We’ve all been there. Major release put into production. A sigh of relief and maybe a good night’s sleep. Then, the tsunami of issues starts coming in. I’ve seen this dozens of times over the years at SAP customers and yet I still see the same thing happening today.
What is it that Oscar Wilde said about second marriages? “The triumph of hope over experience”? Well, I’ll leave the politics of relationships to Mr. Wilde, but the sentiment for SAP releases holds true. Why in the SAP world do we keep bunching up changes and putting them into large, infrequent releases, knowing that it will most likely disrupt the business, keep us up burning the midnight oil and (once again) tarnish the IT department’s reputation with its customers? It must be the triumph of hope over experience.
But there is a better way. Continuous delivery allows us to push small amounts of change into production as often as we want, allowing delivery of changes and new features to users as quickly as possible. Continuous delivery has been practiced in the non-SAP world for many years, with well-documented benefits – it not only minimizes potential disruption but means we can deliver business benefits (read: competitive advantage) more quickly. Now, what might that do for the IT department’s reputation?
So why has this approach not been widely adopted in the SAP world? The trouble is that SAP is an interconnected universe and it is almost impossible to understand the connections and dependencies between all of the changes moving through a complex SAP landscape. This is why dependency management is key to continuous delivery in SAP. If you know what all those interdependencies are, then you know what can safely be delivered together or individually, allowing you to constantly push change into your production system with less risk and higher cadence.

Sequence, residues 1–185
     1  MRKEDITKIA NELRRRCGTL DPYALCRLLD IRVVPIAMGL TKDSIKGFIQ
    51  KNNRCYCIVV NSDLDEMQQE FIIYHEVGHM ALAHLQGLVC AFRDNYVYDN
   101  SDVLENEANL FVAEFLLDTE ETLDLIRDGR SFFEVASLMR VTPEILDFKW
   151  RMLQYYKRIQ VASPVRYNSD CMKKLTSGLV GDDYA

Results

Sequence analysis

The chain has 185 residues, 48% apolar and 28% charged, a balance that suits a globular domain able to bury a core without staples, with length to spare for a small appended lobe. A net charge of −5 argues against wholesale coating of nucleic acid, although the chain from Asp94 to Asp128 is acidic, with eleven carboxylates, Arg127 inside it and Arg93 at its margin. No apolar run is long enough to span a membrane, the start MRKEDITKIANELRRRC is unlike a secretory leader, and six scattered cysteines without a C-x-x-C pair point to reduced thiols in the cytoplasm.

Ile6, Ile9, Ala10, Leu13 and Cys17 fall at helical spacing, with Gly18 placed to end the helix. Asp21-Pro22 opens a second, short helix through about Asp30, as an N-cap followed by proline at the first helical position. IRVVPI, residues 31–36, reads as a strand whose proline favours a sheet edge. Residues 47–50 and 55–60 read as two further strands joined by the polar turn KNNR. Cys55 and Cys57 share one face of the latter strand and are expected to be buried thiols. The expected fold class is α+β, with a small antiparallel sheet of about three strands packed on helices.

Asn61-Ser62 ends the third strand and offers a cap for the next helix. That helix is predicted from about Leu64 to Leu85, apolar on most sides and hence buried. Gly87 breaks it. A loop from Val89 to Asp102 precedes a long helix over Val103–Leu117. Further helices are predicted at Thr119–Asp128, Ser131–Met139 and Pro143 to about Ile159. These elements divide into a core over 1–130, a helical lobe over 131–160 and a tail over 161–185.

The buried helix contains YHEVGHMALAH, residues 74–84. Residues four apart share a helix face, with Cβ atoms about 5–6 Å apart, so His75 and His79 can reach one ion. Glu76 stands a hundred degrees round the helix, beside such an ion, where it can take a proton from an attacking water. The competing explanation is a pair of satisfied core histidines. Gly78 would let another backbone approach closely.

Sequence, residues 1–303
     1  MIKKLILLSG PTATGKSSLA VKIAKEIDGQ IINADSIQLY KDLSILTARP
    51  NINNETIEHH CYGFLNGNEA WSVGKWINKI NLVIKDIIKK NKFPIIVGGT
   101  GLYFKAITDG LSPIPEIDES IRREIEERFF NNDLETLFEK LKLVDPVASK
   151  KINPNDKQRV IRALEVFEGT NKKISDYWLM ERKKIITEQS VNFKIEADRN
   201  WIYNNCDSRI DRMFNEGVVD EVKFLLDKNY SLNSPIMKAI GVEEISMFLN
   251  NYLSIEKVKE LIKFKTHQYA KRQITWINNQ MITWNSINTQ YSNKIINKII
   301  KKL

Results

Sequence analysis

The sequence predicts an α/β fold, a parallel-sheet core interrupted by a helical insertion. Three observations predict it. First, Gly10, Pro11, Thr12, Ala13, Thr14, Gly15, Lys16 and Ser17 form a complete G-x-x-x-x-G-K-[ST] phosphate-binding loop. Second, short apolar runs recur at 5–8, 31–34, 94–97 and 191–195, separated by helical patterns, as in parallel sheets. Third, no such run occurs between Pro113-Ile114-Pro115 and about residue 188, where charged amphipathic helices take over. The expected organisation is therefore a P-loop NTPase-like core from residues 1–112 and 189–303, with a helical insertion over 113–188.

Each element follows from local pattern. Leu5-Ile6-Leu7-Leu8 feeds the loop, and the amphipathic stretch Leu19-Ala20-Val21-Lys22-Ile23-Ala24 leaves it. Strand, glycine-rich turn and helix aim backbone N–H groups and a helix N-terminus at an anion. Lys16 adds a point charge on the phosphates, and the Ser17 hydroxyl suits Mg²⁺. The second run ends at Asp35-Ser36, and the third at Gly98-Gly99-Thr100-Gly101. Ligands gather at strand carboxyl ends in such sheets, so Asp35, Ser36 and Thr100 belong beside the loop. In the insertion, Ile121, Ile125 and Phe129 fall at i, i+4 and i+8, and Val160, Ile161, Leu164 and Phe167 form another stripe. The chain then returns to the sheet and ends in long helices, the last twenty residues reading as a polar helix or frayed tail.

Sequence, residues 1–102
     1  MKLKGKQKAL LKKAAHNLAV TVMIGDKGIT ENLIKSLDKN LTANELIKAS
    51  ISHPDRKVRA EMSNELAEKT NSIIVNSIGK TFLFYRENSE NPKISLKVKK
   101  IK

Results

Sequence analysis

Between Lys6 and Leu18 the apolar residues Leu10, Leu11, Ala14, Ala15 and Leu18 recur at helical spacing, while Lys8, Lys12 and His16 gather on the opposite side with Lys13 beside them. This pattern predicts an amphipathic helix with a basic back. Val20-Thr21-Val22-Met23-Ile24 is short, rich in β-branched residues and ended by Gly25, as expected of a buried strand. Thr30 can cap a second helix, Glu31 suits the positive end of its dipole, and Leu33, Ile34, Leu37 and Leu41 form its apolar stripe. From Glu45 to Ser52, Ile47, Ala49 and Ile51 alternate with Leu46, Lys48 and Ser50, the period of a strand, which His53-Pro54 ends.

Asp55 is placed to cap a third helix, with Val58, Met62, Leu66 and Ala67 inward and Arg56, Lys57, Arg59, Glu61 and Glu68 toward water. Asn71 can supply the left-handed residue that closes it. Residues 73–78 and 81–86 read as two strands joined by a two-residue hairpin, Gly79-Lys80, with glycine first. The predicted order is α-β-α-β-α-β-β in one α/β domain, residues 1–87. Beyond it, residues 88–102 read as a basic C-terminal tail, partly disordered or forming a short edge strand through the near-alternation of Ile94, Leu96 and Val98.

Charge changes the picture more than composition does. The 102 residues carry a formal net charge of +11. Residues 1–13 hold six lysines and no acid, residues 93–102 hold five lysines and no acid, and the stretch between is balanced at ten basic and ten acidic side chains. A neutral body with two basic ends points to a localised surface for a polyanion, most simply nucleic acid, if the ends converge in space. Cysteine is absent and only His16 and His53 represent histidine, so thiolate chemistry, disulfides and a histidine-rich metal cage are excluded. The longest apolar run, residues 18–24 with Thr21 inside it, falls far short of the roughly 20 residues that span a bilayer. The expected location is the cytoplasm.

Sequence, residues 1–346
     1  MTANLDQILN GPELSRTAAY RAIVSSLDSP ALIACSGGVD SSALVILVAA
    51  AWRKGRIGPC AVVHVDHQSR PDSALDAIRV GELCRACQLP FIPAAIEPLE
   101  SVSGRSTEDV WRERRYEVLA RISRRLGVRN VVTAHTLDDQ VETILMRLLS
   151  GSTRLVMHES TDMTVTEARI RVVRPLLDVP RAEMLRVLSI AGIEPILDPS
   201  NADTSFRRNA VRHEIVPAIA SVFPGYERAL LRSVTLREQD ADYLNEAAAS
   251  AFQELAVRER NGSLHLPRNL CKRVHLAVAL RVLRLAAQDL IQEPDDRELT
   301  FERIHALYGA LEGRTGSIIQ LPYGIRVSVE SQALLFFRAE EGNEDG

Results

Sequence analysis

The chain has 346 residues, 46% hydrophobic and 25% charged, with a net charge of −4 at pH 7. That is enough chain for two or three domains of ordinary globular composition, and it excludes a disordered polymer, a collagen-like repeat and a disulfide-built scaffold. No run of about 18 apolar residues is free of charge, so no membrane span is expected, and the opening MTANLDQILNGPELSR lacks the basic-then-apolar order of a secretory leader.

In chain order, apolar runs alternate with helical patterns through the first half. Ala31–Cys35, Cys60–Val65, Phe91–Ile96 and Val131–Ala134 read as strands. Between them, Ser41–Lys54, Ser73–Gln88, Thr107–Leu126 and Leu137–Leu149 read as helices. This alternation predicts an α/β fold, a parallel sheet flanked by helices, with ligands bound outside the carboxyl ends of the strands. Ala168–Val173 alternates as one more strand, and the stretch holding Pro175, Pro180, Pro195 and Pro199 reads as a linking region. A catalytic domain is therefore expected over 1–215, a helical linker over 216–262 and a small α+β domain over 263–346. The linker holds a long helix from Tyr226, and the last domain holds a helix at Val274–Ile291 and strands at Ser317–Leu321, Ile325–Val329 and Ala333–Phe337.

There are many types of dependencies that need to be managed in SAP environments, but the most difficult to master are changes that rely on objects created by other developers (technical object dependencies). Having full visibility of these dependencies is an absolute must to understand which changes can safely be delivered into production incrementally whilst leaving others behind.
ActiveControl – Basis Technologies’ integrated toolset for DevOps and continuous delivery in SAP – automates SAP dependency management and takes all the guesswork out of which changes can safely be applied. So how does it work?
Technical dependencies can be inadvertently created between any changes in SAP. For example, does the change we want to deploy rely on a Function Module or Data Dictionary object that was created as part of a different change? If it does and we are not deploying both changes at the same time, the deployment will fail. Another P1 anybody?
This is why Deep Impact Analysis (DIA) is an essential feature for many users of ActiveControl. DIA automatically discovers all of the dependencies between all of the objects in your SAP systems (yes – all objects – both custom and SAP standard) and then uses this information whenever a change is approved or deployed to check that all dependencies are met and the change can be safely deployed. If any missing dependent objects are detected (oops, nobody told me that the program I’m deploying to production uses a Class Method that belongs to another change I haven’t yet deployed…), it will inform the user so that remedial action can be taken. Put simply, it gives you the ability to pick-and-choose individual changes to be pushed into production. Safely.
DIA enables safe deployment to SAP production environments, especially when adopting the type of incremental, agile release methodology fundamental to continuous delivery success.
The outcome? A win from the IT perspective and a win for the business – stable systems and competitive advantage, delivered faster.
To misquote my friend Oscar Wilde, I’d call that the triumph of innovation over hope.
To find out more about how ActiveControl can automate dependency management and allow continuous delivery for SAP, watch our webinar: Avoiding the butterfly effect. Why SAP dependency management is so important for continuous delivery.